Industry 4.0 means different things to different people. To Polestar it is digital transformation for manufacturing companies, or more precisely:

+ Industrial IoT

+ Digital Twins

+ Cyber-Physical Systems

Implementing these through the right framework will translate into adaptability leading to automated actions and automated decision making, eventually without human assistance in order to securely optimise processes in the shortest possible time.

Many companies are just trying to dip a toe in the water with POC's or data analytics, which means leaping the steps of a grounded strategy, which is not good for control and security!

The Evolution of IIoT Systems

The majority of manufacturers are running factories with technology that is up to and sometimes over 30 years old. This makes of getting visibility on their assets a major problem, even if they have the knowledge within the business to make the right decisions about which devices can communicate with each other. Most of the times the approach that is taken is usually to ringfence assets by installing multiple firewalls at zone and cell level.

Another challenge is the exposure of data points from control systems to enterprise systems in order to drive efficiencies. IT departments do not have the time, resources or knowledge to protect the actual systems. Additionally, managing collaboration tools, Office 365, standardisation around cloud-first projects for corporate applications, and cyber-security in the enterprise contribute to the problem for IT teams to stay current and up to date.

The implementation of standards like IEC62443 for OT teams can be effective towards solving these pain points, especially when protecting Industrial Control Systems for Critical National Infrastructure. But for manufacturers, this can be too costly due to the management overhead as they have a very large number of disparate assets in some very large factories.

Most of the time, perimeter protection is therefore installed using firewalls and the OT and Automation teams are left quite literally to their own devices. This does not solve the problem as MOST hacks come through enterprise services and not as IT teams would probably expect: through Industrial Control Systems. This is due to the high number of services that require to be open in an enterprise in order for information workers to do what they need to do.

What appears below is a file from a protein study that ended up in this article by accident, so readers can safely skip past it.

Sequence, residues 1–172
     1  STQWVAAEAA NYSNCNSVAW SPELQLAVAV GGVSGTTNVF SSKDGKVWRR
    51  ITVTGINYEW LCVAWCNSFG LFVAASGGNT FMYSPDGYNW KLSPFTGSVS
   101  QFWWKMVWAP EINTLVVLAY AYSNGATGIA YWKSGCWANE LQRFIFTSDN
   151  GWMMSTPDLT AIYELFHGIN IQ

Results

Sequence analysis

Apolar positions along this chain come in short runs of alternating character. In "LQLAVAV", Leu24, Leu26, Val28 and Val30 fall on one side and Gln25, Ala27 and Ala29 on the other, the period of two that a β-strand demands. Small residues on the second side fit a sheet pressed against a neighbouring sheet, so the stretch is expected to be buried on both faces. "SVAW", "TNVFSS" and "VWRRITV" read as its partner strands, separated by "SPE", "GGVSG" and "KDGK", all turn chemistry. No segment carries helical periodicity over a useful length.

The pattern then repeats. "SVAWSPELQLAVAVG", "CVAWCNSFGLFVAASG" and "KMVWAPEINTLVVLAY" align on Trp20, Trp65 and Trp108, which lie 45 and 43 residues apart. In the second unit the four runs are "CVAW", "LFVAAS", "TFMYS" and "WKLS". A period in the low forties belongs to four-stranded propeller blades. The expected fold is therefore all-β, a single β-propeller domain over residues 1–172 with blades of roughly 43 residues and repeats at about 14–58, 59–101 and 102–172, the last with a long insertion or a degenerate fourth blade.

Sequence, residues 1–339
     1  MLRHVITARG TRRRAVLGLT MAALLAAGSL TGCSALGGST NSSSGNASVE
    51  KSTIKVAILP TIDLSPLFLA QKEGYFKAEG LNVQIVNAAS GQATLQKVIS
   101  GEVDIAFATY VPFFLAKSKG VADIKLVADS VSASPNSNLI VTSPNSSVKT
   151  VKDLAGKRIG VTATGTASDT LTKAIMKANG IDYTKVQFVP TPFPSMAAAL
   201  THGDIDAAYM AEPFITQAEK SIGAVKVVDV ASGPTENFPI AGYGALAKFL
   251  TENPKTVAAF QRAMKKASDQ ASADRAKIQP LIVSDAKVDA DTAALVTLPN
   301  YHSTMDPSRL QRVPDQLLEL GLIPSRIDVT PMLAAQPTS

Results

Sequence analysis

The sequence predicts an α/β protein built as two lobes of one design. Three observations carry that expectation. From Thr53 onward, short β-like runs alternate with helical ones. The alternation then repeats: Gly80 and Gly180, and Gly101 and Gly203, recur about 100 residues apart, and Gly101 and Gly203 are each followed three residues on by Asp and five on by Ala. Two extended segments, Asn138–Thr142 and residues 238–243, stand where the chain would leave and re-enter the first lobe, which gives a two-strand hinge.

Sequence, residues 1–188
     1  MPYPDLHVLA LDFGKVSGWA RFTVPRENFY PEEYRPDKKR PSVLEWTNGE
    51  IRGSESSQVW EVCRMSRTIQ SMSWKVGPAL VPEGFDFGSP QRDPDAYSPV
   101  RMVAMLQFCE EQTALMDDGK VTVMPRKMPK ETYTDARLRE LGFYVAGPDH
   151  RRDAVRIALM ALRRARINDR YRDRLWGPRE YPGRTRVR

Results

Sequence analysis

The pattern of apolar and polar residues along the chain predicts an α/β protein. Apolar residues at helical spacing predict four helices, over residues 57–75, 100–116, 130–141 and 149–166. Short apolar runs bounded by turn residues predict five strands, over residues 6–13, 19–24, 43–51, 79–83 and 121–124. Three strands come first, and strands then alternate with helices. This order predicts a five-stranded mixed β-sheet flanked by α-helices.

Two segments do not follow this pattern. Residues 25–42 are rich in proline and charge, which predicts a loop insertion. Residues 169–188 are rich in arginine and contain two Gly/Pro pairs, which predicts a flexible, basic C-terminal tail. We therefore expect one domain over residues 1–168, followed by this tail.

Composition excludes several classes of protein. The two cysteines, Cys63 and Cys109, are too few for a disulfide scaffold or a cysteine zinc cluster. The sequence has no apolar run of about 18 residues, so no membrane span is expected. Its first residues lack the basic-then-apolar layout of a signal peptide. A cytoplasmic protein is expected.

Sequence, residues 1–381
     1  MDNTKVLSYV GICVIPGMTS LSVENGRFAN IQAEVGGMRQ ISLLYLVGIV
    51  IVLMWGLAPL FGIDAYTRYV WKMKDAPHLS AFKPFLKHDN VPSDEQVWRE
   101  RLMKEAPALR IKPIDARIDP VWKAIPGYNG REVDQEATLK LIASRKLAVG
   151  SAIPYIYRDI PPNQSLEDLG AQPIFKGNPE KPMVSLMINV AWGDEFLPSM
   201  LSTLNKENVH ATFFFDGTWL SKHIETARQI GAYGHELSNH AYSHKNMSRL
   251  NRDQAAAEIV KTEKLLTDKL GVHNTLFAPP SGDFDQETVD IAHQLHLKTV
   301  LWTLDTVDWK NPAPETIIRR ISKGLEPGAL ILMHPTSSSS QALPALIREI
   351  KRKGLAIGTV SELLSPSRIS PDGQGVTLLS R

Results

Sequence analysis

So what can be done to minimise risk without having to rebuild a Production network from scratch? Perhaps there is a different way of looking at that and dealing with the problem?

Business needs are driving the adoption of cloud technologies much faster, giving the automation and OT teams too many projects. The cloud provides the opportunity to bring IT/OT and Automation teams together.

Cloud platform security can arguably be said to be more secure than any number of perimeter and access firewalls - if implemented correctly.

Transitioning to a hybrid cloud platform will provide transparency and security by design, as you only need to build it once. By routing industrial data through more securely controlled cloud systems, you are reducing the attack surface and the number of data points that are being exposed across the entire enterprise.

However, using some of these new technologies does not come without potential high risk. By not having the means to monitor what is going on at the industrial level and by not having the means to implement the right policies and controls, any manufacturer can end up in a security breach situation, as there are multiple routes into the Production systems from the enterprise and from supply chain vendors.

What we are seeing, particularly with the Covid 19 situation is a lot of customers running 24x7 production schedules with the emphasis firmly on keeping the ‘lights on’. This doesn’t give much headroom to implement new technologies such as secure remote access for support, maintenance and commissioning - quickly.

Our approach is to move the remote access risk to the cloud where it can be carefully managed, and at the factories, build robust and resilient OT networks.